Published On: Tue, Mar 17th, 2015

Barter with Venezuela

dekker_0On the free market, the Bolivar Fuerte traded at 270 Bs.F against the US Dollar, yesterday, with an official exchange rate of 6.2 to 12 Bs. F. The Bolívar Fuerte (sign: Bs.F. orBs.; plural: Bolívares Fuertes; ISO 4217 code: VEF) has been the currency of Venezuela since 1 January, 2008. The fall in oil revenue created another US $ 30 billion deficit in Venezuelan budget over the last four months, causing the economy to shrink with another 7-10% in 2015. The shortages in all shops and supermarket are becoming a nightmare for the entire population. A small happy few manage to benefit from the situation with illegal currency trade, and a steep increase of narco transactions. But new opportunities opened up and remain unexploited. At today’s value of the Bs.F, Venezuela’s labor force can easily compete with cheap labor in China and Southeast Asia. It would be straight forward and extremely profitable to start up a massive high labor-intensive production industry in Venezuela, and make Curacao the gateway to the world for Venezuelan barter trade of homegrown products.

That is of course if, and only if, the local Venezuelans are ready to work and be productive. Their Cuban counterparts always refused such mass production industry and preferred to stick to an outdated sugar cane industry. No matter how many trips I made in Castro’s workers paradise, I could never find a product of any interest to the rest of the world. Maybe Venezuelans will be more sensible.

Venezuela has a great history and tradition in production, from high tech automotive to agricultural products. Unfortunately nowadays, none of these products make it to the global markets. The socialist-Bolivarian dreams, of “we never have to work again” and “the State will provide for all we need with oil revenue” turned into a big disappointment. The State is out of cash and the country was plundered, left to bandits and large-scale robbery.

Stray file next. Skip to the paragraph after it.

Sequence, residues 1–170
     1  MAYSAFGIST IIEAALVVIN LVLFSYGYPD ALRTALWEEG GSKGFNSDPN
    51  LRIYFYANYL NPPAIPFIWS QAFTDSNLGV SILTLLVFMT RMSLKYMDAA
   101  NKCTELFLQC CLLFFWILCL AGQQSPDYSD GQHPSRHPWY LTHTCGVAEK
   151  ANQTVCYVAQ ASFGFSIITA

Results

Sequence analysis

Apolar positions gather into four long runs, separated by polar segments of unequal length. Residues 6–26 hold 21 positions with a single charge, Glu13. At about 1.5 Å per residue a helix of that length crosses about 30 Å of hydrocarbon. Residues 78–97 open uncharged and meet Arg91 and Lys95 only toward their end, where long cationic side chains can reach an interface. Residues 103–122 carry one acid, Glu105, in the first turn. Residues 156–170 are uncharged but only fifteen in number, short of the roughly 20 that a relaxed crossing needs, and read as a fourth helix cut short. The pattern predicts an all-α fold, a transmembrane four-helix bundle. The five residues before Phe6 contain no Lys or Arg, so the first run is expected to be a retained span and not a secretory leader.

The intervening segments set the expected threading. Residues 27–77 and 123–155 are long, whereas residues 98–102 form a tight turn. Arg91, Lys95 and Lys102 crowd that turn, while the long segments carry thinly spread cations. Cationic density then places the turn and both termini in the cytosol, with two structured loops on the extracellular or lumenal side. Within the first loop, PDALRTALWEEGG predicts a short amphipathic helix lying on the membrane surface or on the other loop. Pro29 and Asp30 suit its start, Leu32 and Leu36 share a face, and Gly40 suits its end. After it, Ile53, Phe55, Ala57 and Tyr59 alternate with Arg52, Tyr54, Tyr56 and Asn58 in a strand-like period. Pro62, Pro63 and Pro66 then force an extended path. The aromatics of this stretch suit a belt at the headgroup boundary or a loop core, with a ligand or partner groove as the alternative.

Under the present circumstances of failing security, law and order, no foreign investor is likely to put one dollar into the ailing economy of Bolivar. So, this is the great opportunity for Maduro’s government. The Chinese will undoubtedly be most helpful by advising the President how to set up sweat shops, nation wide, and turn the 150,000-men prison population into a mighty production force.

Curacao’s Free Trade Zone is ideally positioned to handle such products, even, in the absence of dollars, if it were in the form of barter trade. Venezuela needs just about all consumptionproducts and it should be easy to make a swap.

Curacao, what are you waiting for???

By Jacob Gelt Dekker, opinion columnist for Curaçao Chronicle.

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